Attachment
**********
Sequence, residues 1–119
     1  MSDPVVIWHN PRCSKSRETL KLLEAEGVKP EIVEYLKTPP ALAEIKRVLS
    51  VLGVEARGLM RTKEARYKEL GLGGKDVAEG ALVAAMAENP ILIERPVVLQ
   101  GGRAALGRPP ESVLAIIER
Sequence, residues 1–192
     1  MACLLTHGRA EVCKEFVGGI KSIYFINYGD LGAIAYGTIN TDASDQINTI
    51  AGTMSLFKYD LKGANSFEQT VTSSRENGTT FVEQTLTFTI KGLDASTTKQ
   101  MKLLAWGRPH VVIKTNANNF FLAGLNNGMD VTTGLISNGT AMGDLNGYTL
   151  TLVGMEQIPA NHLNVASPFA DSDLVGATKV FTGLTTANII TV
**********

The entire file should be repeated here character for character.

Sequence, residues 1–119
     1  MSDPVVIWHN PRCSKSRETL KLLEAEGVKP EIVEYLKTPP ALAEIKRVLS
    51  VLGVEARGLM RTKEARYKEL GLGGKDVAEG ALVAAMAENP ILIERPVVLQ
   101  GGRAALGRPP ESVLAIIER
Sequence, residues 1–192
     1  MACLLTHGRA EVCKEFVGGI KSIYFINYGD LGAIAYGTIN TDASDQINTI
    51  AGTMSLFKYD LKGANSFEQT VTSSRENGTT FVEQTLTFTI KGLDASTTKQ
   101  MKLLAWGRPH VVIKTNANNF FLAGLNNGMD VTTGLISNGT AMGDLNGYTL
   151  TLVGMEQIPA NHLNVASPFA DSDLVGATKV FTGLTTANII TV